She witnessed her community become destroyed by Indians, people whom she refers to as "barbarous creatures,"(238) "murderous wretches" (236) "heathen,"(236) "ravenous beasts," (238) and "hell-hounds." (237) Rowlandson never questions her faith in God throughout the rough times she is going through, uncertain of her survival. When she and her daughter are wounded and separated from her family, instead of questioning why God would do such a horrible thing to her, she interprets her experiences as signs from God. As a reference, she mentions that "[she has] thought since of the wonderful goodness of God to [her] in preserving [her] in the use of [her] reasons and senses, in that
We also learn that Mr ___’s late wife was killed as she was stepping out of church thus the church is unable to protect women who look up to God to help them endure the abuse they suffer through. Through the use of this image, Walker implies that Celie’s letters, wishes and hopes falls on deaf ears. Eventually, towards the end of the novel, Celie’s faith in God is no longer intact. This is because she notices that her wishes and the struggles she faces are because of what was given to her by Him. Celie also tells us that God is a man and therefore, because of his gender and the abuse she faced from other men, she deems God as just like them as she
Aminata was forced to push her religion aside. Through all the horrible things she had to endure, Aminata’s kidnappers forced her to question her religion and her faith in Allah. Throughout her life, she met with people from various religions, and was exposed to Christianity from Georgia and Daddy Moses, and Judaism from Solomon Lindo, all of which confused Aminata and made her further question her regards to her religion. A shading technique was used where the colour became fainter in the centre, to represent the gradual loss of Aminata’s religion. However, colour is still slightly visible, to represent that Aminata never fully lost her faith in God, but it became a mere shadow of what it once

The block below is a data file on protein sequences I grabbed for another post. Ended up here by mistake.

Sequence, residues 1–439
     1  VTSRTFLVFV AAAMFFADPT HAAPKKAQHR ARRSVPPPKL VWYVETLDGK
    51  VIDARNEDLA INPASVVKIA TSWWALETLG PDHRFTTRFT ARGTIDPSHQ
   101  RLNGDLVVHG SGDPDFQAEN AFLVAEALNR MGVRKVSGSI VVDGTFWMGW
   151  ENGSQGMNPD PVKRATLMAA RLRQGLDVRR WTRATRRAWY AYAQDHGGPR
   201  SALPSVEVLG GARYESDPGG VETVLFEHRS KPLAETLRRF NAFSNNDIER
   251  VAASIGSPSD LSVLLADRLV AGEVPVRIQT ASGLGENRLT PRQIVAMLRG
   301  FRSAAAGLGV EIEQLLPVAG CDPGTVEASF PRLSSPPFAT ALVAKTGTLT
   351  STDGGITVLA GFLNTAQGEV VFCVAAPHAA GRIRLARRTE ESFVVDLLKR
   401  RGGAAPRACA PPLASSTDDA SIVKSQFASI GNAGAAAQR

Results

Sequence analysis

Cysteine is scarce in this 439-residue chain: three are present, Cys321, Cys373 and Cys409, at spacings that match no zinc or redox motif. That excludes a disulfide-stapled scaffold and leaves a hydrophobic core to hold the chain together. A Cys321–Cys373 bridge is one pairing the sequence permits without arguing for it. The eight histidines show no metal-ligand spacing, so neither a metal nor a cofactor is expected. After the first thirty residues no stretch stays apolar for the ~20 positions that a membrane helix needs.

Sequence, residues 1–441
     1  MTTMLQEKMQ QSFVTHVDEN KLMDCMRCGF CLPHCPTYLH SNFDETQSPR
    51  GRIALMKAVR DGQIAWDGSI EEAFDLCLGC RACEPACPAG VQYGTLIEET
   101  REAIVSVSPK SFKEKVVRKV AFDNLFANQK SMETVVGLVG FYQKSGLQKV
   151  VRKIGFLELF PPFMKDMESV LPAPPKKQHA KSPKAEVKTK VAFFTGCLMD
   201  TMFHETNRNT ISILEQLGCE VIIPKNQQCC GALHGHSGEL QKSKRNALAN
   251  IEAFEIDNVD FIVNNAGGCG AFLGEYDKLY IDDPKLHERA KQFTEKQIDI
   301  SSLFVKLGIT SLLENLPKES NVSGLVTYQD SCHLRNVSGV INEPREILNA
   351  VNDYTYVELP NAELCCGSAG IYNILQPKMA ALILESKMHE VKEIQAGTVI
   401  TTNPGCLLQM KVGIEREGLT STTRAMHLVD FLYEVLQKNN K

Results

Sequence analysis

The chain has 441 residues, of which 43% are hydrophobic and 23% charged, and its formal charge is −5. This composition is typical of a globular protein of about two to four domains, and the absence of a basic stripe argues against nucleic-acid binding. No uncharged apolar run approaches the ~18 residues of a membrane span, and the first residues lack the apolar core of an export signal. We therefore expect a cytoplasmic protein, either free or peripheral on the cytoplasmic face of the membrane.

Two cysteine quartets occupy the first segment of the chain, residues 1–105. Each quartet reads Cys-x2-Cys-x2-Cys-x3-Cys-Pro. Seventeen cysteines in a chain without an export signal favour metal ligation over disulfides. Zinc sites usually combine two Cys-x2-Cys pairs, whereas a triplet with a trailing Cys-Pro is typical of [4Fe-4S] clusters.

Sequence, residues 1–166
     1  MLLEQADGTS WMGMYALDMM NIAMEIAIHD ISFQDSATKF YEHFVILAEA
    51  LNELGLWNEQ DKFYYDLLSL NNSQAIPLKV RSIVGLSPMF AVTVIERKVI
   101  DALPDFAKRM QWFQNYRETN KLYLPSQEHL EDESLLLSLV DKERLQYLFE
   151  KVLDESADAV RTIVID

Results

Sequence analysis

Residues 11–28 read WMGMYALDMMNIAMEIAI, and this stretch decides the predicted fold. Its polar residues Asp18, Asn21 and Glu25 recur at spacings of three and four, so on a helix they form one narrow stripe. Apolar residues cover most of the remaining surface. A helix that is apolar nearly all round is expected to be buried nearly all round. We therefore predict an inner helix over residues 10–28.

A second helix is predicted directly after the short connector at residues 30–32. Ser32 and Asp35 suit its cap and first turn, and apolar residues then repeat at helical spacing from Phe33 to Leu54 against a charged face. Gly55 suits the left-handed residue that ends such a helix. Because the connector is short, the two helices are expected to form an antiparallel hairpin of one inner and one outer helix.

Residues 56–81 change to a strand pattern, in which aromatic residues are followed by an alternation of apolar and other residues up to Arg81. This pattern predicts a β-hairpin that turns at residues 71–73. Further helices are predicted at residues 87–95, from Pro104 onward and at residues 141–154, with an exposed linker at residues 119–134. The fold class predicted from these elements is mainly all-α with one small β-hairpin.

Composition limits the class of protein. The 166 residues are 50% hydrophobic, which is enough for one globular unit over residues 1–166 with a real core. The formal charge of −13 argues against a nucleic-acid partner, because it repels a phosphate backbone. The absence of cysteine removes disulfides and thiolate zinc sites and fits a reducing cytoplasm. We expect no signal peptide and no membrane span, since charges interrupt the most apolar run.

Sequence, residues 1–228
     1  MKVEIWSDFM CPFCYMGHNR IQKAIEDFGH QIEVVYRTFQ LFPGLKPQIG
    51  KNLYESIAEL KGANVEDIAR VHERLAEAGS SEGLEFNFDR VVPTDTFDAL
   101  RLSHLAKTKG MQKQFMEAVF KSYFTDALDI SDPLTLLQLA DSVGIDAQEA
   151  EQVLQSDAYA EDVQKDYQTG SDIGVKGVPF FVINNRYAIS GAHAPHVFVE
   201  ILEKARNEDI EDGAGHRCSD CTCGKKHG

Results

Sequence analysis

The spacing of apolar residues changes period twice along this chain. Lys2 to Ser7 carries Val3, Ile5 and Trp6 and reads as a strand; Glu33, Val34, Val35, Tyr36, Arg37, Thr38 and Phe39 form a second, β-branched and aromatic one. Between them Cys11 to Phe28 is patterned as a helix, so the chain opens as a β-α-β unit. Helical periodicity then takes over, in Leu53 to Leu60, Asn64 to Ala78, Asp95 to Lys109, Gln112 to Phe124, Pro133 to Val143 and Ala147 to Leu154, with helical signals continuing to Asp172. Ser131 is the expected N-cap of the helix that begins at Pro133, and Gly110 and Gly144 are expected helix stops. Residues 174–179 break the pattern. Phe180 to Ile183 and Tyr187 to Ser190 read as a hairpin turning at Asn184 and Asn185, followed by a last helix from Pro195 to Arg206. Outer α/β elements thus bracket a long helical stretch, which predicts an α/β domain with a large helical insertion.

This symbolizes her realization of being trapped for so long, and her desire now to free herself. However, because society is cruel and who never approve of a woman so independent, she creeps around the room to hide her escape. When John arrives at the nursery-like room, he sees what has become of his wife. His wife explains she has ‘gotten out, in spite of you and Jane,’ before John faints and his wife continues to creep around the room, trying her best not to step on the fallen body. In conclusion, the narrator of the Yellow Wallpaper, is what happened to a woman in an oppressed society.
And left there, in the cold. “We still live, Aminata of Bayo, We have crossed the water. We have survived.” (PG136) Aminata’s friend Chekura tells her this in an attempt to comfort her. Aminata is upset she says, “We have lost our homeland, we have lost our people.” (PG 136) She feels lost and scared of the future, because she has lost everything that has ever meant anything to her. She attempted to pray as her papa did, but is warned not to, because other home landers had been beaten over praying and keeping their faith.
Lee uses a somewhat background character to show this in her work. Mrs. Dubose, an elderly neighbor nearing the end of her life, “ was a morphine addict,” but always intended “ to break herself [free of it] before she died” (178). Often times Jem would receive her cold remarks while passing by her house, thinking her primitive and rude, never understanding her hidden constant battle. Upon her death however, he learned that behind all of her snarkiness she was a person with integrity who did not want to be tied down by a worldly substance, and began to see Mrs. Dubose as a person to be respected. Readers in today’s world know how widespread addiction is, and can now see the advantages to looking closer in order to find the true qualities that define the individual.